BSc (Hons) (NFQ Level 8)
Full Time - Undergraduate Studies
CAO Code: DN200 MPG
CAO Points Range 2016: 510 - 625
Length of Course: 4 Years
Average Intake: 402
Passes in six subjects including English, Irish, Mathematics (Min O3/H6 in LC or equivalent), one laboratory science subject (Min O3/H6 in LC or equivalent. Applied Mathematics or Geography may be used instead of a laboratory science subject.) & two other recognised subjects.
You must obtain a minimum of Grade H5 in two subjects and a minimum of Grade O6/H7 in the remaining four subjects.
Special Entry Recommendations: We recommend that all students in Statistics should have a minimum Grade H3 in Leaving Certificate Higher Level Mathematics or equivalent.
Why is this course for me?
According to The New York Times, statistics is the number one career for the 21st century. In Ireland, employers can’t find enough qualified graduates and now is the time to choose to study for a degree with a great future. Wherever data is collected, statistics and data analytics skills are required. Statisticians develop mathematical models for uncertainty and investigate their properties and applicability. The power of modern computing continues to have a major impact on both the development and applicability of statistical methods in almost every area of science, business and industry.
All of the sciences, especially the biological sciences, have in recent years become more quantitative and the skills gained from studying Statistics in UCD Science complement all of the University’s Science degrees. Combining Statistics with a degree in any of the sciences will increase your employability.
Career & Graduate Study Opportunities
Statisticians play a key role in virtually all areas of science and society:
- In the pharmaceutical industry, statistical modelling is vital in developing new drugs
- Statisticians help businesses investigate their customer behaviour to enhance their profitability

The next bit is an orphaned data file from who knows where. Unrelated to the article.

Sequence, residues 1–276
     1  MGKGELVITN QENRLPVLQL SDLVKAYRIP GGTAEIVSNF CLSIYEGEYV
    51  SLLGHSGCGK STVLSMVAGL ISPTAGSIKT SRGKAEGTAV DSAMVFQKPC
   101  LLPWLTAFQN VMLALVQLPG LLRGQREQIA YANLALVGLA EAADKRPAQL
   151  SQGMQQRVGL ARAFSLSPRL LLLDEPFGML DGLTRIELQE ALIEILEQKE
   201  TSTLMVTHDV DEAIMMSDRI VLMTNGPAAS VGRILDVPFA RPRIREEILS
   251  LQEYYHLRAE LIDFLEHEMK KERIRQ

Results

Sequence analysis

- Statistical skills are key in the new emerging areas of bioscience, such as genetics and bio-informatics
- Training in statistical science is valued in many industries such as finance, environmental science, economic analysis, medicine, education, health and social services, and many areas of government
With a Statistics degree you’ll be in demand as more and more employers are seeking to hire statisticians. There has never been a better time to take this degree. There are various opportunities for graduate study in statistics in both taught and research programmes, and a number of our graduates complete further studies.
What Will I Study
This is a sample pathway for a degree in Statistics. Topics may include statistical modelling, probability theory, biostatistics, survey sampling, linear models, Bayesian statistics, Monte Carlo inference and actuarial statistics.
- Computer Science
- Optional Science modules
- Elective modules
- 1 Other Science Subject
- Elective modules
- Financial Mathematics
- Elective Modules
- Applied and Computational Mathematics
- Financial Mathematics
All Science courses are full time, with many student timetables running from 9.00am to 5.00pm or later. Depending on the subject choices, a weekly timetable can include lectures, practicals and tutorials.
Assessment varies with each module but may comprise continuous assessment of practicals, written exams and online learning activities.
International Study Opportunities
Students may apply to study abroad for a semester or year in third year in a range of worldwide universities. Potential universities include:
- University of Texas at Austin, USA
- University of California, USA
- University of Perugia, Italy
- University of Konstanz, Germany
“In 6th Year I didn’t really know which course to choose. By picking UCD Science I got to try out subjects I was curious about such as Biology and Chemistry before choosing Statistics. The mix of problem solving, Mathematics and real-world applications in Statistics is ideal for someone with an aptitude for numbers. The data analysis skills I have learned in class are applied to real-world data and are incredibly valuable skills sought after by employers. It can be fascinating to use modern computer software to extract useful information from what looks like a jumble of data! I’ve also had great fun taking part in the Science Society’s events like charity cycles, mystery tours and the Science ball, as well as becoming a Peer Mentor and going on class trips abroad.”
Eoin Whelan, Student